RainBank’s president, Ken Blair, offers educational rainwater harvesting seminars to schools, community groups, engineering and architectural firms. Do you want to learn about rainwater harvesting?
Your group or organization can learn about laws, codes, and general use of harvested rainwater. Various rainwater collection techniques, methodologies, and components can be covered in RainBank’s seminars. If your school, community organization, landscaping company, architectural or engineering firm wants to learn about rainwater harvesting, Ken will tailor the presentation to your questions and needs.
Passionate about having a positive impact on the environment and dedicated to help create grassroots solutions for rainwater collection for consumption and agriculture, Ken has more than 10 years of practical application in the Pacific Northwest designing and installing rainwater catchment systems. RainBank has designed and installed 100 potable residential systems in Washington State and is an accredited professional member of ARCSA (American Rainwater Catchment Systems Association).
Ken has taught water conservation and the natural cycle at the elementary school level. Community groups can learn how single family homes can supplement their city water usage, architects are being asked to incorporate rainwater water harvesting in residential home designs and engineers are including systems for commercial applications. Ken Blair has been a speaker at the ARCSA convention in Portland, Oregon and has been mentioned or quoted in articles from Net Zero, Commercial Builders Magazine, and was highlighted in ARCSA Accredited Professional (AP) Profiles. Photos of RainBank’s water tank installations are featured on Washington State Department of Ecology website (look for slideshow in right hand column).
Ken’s experience, insight and ongoing education can assist your group, company or organization in making informed decisions about rainwater harvesting.
Would you like to invite Ken to conduct a seminar for your group? Please complete the form below.
The mission of the American Rainwater Catchment Systems Association (ARCSA) is to promote sustainable rainwater harvesting practices to help solve potable, non-potable, stormwater and energy challenges throughout the world. Visit ARCSA on Facebook.
RainBank is an ARCSA accredited designer and installer of rainwater collection, rainwater harvesting and rainwater storage systems and also designs water systems. Click here to read ARCSA’s profile of RainBank’s efforts in rainwater collection and harvesting.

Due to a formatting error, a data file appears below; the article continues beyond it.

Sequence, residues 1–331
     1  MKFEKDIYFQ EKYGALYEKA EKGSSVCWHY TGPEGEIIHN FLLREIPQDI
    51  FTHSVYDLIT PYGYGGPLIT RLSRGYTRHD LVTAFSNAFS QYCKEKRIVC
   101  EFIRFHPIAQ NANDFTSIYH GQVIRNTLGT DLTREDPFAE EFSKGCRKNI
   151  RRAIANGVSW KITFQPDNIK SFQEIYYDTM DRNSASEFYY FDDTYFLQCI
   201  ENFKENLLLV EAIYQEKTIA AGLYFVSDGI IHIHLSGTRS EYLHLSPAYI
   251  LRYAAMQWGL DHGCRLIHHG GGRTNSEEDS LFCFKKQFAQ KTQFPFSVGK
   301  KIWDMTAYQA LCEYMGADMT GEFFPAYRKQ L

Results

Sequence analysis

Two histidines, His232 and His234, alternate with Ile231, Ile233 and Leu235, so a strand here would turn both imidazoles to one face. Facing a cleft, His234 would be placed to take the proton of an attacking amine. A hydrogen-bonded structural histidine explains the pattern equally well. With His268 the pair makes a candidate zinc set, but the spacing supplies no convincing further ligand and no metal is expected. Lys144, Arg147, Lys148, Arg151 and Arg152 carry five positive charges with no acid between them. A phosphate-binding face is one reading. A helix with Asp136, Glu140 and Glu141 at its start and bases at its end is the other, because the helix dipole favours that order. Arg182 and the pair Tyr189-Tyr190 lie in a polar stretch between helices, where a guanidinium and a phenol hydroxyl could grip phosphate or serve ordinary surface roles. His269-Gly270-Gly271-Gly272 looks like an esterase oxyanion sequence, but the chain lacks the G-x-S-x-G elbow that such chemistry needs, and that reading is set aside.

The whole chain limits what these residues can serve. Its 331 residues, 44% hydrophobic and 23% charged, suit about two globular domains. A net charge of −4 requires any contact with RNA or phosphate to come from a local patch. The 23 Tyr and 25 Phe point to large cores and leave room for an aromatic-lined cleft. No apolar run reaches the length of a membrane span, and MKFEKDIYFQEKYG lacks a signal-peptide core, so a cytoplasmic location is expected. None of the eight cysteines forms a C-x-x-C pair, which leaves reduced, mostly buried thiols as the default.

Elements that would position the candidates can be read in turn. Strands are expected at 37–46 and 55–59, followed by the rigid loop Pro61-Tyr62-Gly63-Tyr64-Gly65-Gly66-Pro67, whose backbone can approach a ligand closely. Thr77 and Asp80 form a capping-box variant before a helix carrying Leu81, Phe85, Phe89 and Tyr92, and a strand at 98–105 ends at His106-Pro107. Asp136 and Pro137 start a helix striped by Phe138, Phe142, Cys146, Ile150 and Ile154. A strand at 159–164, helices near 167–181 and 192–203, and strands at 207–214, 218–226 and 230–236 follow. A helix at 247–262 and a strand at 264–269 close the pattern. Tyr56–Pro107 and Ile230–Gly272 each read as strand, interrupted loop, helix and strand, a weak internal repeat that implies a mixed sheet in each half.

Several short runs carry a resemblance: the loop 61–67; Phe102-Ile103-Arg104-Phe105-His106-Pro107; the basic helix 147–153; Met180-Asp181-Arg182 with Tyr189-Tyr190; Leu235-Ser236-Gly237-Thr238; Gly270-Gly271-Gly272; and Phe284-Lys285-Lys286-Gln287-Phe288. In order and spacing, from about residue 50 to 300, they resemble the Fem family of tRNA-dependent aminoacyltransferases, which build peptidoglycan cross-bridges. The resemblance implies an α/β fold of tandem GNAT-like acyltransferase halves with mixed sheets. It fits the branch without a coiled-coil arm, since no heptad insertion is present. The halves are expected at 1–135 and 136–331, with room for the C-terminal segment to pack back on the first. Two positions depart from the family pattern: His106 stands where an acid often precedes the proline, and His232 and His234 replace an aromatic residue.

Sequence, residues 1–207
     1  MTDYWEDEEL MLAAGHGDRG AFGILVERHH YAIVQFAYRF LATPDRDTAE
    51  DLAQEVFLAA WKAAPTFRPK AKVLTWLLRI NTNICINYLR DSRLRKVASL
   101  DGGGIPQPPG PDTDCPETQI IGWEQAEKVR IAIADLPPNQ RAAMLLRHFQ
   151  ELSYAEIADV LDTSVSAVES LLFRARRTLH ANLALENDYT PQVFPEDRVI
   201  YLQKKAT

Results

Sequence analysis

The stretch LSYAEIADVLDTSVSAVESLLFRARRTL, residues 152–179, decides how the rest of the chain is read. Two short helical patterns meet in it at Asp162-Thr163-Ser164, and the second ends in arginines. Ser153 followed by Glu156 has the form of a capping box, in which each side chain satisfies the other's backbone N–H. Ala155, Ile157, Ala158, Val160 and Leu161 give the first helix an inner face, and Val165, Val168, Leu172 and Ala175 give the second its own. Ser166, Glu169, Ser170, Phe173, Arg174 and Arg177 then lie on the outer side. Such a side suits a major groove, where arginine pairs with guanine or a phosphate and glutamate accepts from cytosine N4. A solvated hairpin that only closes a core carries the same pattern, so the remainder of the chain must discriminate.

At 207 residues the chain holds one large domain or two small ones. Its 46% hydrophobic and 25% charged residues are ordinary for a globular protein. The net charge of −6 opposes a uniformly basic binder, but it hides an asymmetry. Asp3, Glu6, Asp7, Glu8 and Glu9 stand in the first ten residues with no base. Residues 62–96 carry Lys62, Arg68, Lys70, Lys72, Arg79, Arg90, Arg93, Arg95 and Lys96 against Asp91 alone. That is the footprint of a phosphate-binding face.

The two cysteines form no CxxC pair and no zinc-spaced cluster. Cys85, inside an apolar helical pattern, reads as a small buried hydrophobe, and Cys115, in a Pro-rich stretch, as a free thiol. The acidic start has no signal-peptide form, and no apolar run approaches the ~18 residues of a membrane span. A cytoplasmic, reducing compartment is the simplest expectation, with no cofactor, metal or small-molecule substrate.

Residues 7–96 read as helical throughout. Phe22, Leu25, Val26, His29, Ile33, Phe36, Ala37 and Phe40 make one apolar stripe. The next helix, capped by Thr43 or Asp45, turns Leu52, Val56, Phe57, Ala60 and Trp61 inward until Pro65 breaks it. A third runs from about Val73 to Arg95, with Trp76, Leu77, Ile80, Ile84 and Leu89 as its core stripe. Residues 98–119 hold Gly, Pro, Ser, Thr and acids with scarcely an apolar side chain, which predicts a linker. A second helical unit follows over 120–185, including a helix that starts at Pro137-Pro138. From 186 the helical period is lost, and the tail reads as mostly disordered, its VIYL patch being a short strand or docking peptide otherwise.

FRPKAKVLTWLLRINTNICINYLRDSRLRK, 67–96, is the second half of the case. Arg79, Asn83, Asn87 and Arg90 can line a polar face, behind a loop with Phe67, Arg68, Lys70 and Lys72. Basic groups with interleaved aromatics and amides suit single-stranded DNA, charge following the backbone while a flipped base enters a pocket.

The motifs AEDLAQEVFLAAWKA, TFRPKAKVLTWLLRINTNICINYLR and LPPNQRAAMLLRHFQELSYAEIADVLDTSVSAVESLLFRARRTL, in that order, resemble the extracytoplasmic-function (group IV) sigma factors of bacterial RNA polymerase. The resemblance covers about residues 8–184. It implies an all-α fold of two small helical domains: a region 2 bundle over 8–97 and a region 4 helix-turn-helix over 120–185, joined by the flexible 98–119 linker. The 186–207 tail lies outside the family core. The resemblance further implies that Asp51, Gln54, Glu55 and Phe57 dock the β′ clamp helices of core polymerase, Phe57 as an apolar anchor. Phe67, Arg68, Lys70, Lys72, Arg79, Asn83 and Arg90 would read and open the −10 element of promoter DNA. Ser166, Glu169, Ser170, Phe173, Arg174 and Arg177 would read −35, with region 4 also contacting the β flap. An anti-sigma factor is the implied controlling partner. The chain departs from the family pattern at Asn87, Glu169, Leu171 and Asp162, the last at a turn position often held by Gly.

According to a recent article by ARCSA.org about the recent spill affecting West Virginia’s municipal water supply, the chemical in the West Virginia water spill—4-methylcyclohexane methanol (MCHM)—is among a long list of chemicals that include perchlorate (rocket fuel), MTBE (an automobile fuel additive), ethylene glycol (anti-freeze), MEK (solvent) and formaldehyde, for which there are no EPA drinking-water limits. That’s right, as unbelievable as it sounds, any amount can be in your drinking water without exceeding the EPA Drinking Water standards.
What can you do to protect your home water supply? Rainwater harvesting now integrates modern designs, techniques and materials to collect, store, and use rainwater for home and commercial use.
“With increased pollutants in our municipal water system and our environment, there are alternatives that can be incorporated into our daily lives”, according to Ken Blair, President of RainBank, an ARCSA (American Rainwater Catchment Systems Association) lifetime member and an Accredited Professional. Ken participates in ongoing education on water quality and techniques for rainwater collection and has been designing and installing commercial and residential rainwater systems for more than 10 years, having installed more than 100 potable rainwater harvesting systems throughout Washington state. Ken strives to be the best in the industry, bringing new and improved techniques to his designs.
RainBank Rainwater Catchment Systems has developed a process that incorporates whole house deionization, specifically for residential usage in the Seattle area. Asphalt shingle roofs are predominant in the Seattle area, leaving most residences unable to collect rainwater for potable usage. However, with whole house deionization added to filtration and disinfection systems, virtually all contaminants can be removed, achieving ultra-pure water of laboratory quality. Deionization, along with filtration and UV disinfection can be included in the treatment of not only your rainwater harvesting system but also your city water.
“Contaminated Beach” courtesy of think4photop / www.freedigitalphotos.net